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Anatoly Karpov vs Antonio Antunes
Netherlands, It (1994)
Semi-Slav Defense: Meran. Lundin Variation (D47)  ·  1-0


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find similar games 1 more Karpov/Antunes game
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Kibitzer's Corner
May-24-05  WMD: Antunes misses a golden chance to sink a world champion with 28...b3 when 29.Rc8 bxa2 30.Rxd8+ Bxd8 is curtains.
May-24-05  soberknight: <WMD> Looks right to me. 28...b3 threatens a fork by 29...Nb4.
May-24-05  Boomie: <WMD> Nice find. If 29. axb3 Nb4 winning the exchange for a lamo pawn.
Premium Chessgames Member
  Jim Bartle: Must be tough playing somebody with a record like Karpov's. I wouldn't be surprised if Antunes didn't look much for moves like ...b3 because he figured Karpov would never make a serious blunder...
May-24-05  WMD: Fischer would have been all over Karpov like a rash.
Premium Chessgames Member
  Jim Bartle: OK, I'll grant you that, and Kasparov probably would have been leering ear-to-ear as he won the exchange. I was referring to your typical 2500-2550 GM or IM who faces a Karpov level player about once every two years.
May-24-05  Everett: <WMD> Good thing Karpov has no nerves to feel such petty annoyances.
May-24-05  WMD: Apparently Karpov spotted the move right after blundering with Qa6, but kept an admirably straight face.
May-24-05  Everett: Yeah, Karpov's good at that. Wonder how many times he got away with something because of this.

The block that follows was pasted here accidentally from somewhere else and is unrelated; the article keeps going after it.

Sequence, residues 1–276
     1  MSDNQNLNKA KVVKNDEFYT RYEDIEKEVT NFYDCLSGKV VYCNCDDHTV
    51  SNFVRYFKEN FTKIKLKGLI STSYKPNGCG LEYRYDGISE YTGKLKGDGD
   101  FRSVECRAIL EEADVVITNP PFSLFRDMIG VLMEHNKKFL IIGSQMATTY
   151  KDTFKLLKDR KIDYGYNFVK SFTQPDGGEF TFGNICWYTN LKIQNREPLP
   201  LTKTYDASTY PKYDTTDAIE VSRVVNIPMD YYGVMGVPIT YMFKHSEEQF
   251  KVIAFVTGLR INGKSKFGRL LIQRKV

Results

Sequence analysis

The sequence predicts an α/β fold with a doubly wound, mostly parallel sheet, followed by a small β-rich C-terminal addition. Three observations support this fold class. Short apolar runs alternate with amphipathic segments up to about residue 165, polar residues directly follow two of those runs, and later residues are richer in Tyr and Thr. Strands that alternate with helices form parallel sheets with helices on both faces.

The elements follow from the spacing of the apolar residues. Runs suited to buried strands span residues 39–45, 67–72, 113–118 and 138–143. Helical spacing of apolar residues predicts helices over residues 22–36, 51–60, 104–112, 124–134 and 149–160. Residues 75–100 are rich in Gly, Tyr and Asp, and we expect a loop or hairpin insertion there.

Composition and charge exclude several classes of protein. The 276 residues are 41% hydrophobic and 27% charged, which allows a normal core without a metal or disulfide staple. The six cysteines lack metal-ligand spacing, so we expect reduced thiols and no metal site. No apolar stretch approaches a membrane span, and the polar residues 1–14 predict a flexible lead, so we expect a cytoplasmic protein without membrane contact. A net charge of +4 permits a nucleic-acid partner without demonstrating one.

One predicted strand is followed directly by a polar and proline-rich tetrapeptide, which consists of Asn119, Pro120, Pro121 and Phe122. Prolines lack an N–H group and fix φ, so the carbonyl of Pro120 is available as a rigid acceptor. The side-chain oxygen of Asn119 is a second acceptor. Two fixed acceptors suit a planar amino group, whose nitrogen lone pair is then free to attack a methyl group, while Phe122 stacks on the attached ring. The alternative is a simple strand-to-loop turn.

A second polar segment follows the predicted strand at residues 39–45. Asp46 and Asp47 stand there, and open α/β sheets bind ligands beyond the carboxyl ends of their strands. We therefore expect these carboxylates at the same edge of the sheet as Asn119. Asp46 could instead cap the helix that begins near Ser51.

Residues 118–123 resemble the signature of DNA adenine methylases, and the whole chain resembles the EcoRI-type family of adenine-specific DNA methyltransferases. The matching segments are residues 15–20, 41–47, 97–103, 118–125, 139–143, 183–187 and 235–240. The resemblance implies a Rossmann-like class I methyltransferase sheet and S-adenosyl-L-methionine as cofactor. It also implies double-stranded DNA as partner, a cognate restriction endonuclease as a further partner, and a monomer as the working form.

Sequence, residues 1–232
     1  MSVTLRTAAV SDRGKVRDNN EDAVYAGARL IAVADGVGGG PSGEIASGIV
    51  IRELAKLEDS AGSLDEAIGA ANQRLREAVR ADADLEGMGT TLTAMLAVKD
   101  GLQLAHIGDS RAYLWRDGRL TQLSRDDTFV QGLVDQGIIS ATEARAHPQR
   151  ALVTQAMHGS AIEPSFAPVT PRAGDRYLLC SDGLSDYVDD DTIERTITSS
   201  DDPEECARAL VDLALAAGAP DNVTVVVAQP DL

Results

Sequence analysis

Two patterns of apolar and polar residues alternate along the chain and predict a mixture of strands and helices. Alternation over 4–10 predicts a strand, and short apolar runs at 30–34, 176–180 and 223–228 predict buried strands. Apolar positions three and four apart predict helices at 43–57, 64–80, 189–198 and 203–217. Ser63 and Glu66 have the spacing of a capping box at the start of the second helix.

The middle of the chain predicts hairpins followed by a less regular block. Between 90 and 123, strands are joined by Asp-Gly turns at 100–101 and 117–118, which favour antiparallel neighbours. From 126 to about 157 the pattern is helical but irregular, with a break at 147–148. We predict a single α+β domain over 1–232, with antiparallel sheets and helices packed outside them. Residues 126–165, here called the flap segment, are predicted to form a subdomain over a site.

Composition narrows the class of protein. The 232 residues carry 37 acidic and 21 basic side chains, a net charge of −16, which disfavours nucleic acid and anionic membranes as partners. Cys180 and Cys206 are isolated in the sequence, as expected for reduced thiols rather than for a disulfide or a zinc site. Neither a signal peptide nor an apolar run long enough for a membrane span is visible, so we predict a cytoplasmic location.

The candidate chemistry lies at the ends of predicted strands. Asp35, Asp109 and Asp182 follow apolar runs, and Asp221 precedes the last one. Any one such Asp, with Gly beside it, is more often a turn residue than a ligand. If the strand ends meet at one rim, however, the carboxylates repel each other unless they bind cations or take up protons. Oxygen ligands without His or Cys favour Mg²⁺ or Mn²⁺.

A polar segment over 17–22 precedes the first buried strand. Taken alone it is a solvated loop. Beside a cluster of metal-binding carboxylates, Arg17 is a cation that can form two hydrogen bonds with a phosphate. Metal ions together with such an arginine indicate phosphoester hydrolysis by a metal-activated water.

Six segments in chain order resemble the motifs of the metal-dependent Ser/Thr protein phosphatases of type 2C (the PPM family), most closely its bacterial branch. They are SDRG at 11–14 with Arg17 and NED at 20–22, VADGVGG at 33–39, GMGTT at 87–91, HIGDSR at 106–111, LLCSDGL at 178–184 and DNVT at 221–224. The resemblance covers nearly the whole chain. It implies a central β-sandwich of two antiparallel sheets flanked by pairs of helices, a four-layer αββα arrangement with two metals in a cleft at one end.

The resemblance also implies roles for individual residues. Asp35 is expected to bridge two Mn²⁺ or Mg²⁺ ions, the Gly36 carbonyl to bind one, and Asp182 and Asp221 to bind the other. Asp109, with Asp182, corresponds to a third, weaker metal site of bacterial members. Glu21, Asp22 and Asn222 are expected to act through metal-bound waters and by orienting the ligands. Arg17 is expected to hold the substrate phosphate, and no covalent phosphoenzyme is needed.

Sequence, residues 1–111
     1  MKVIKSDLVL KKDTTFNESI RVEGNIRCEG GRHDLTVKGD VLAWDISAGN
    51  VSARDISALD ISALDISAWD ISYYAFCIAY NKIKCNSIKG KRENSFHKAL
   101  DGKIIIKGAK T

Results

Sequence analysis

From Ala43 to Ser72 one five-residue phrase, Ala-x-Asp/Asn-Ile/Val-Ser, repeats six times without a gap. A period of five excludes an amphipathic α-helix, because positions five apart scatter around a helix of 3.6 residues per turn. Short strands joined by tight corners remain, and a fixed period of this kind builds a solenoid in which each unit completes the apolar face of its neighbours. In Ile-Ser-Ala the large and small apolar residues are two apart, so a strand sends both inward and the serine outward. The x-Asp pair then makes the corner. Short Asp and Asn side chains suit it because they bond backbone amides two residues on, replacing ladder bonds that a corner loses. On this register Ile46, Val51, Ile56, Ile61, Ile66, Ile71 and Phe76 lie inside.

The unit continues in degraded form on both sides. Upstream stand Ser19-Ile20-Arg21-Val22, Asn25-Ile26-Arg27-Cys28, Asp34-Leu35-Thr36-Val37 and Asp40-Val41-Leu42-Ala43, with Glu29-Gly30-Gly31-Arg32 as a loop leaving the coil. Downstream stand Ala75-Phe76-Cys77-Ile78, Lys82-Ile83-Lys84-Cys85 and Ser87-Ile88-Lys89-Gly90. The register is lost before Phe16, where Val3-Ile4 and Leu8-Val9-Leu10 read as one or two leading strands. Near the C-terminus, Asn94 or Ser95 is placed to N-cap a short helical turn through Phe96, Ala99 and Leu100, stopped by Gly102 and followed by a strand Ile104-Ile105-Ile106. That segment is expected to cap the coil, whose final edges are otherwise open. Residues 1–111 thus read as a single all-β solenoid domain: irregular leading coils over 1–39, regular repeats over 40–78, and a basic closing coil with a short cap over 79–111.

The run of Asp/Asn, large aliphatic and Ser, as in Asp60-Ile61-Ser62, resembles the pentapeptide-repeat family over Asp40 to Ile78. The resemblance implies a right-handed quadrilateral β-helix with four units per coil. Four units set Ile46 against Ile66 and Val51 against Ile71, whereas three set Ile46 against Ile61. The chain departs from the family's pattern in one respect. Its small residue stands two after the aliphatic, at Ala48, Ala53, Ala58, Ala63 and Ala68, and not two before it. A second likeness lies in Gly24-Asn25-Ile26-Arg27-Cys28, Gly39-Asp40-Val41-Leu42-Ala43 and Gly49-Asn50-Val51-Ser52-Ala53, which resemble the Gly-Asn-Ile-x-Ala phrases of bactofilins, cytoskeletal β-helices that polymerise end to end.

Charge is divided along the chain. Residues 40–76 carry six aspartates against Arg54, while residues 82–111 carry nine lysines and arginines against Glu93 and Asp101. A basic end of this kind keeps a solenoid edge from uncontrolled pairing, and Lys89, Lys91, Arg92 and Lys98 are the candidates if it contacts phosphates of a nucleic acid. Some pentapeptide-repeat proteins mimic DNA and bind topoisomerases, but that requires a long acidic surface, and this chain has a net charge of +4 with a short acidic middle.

Premium Chessgames Member
  Jim Bartle: I assume that's tongue in cheek, but I did read Seirawan's account of a win over Karpov in 1982 or so. He thought he'd refuted Karpov's opening, but Karpov kept on playing calmly and fairly quickly, leaving Seirawan a bundle of nerves. Then Karpov's second walked by and Karpov flashed him an "I could kill you" look, and Seirawan relaxed and went on to win.
May-24-05  Everett: No, that's not tongue in cheek. I'm not saying that it happened often, but Karpov is known to be completely stone-faced even in the most dire of circumstances. That game you discuss by the way was later improved upon by Karpov against Seirawan. Check out the database, it's interesting.
Premium Chessgames Member
  Jim Bartle: Which supports my point that playing a guy like Karpov must be scary. If I saw what looked to be a mate in three, I'd probably figure there was some dastardly trap awaiting me.

A few years ago a friend of mine, rated 2500, played Kasparov as part of a six-player clock simul. He became the last player standing (K had won three and drawn two), with a rook endgame and five pawns each. Yet he said it was just outright intimidating when Kasparov sat down opposite him and started staring through the pieces. K won in a few more moves.

May-24-05  Everett: Well, then, I support your point as well, if this makes you happy ;)
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